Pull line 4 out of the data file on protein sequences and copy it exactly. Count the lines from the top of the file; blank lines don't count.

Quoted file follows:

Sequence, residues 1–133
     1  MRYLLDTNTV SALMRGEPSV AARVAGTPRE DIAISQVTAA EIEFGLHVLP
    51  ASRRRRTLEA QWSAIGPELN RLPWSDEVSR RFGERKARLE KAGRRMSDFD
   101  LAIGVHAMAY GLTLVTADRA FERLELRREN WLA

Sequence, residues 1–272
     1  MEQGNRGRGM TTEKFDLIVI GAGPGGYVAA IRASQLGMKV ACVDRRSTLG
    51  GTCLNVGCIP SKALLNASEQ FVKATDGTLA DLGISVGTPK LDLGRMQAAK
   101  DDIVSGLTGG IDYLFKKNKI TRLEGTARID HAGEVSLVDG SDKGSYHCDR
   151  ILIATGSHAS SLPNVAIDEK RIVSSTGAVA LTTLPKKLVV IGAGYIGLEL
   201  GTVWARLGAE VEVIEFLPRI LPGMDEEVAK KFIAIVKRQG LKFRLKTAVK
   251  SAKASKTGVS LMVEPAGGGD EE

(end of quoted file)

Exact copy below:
   101  LAIGVHAMAY GLTLVTADRA FERLELRREN WLA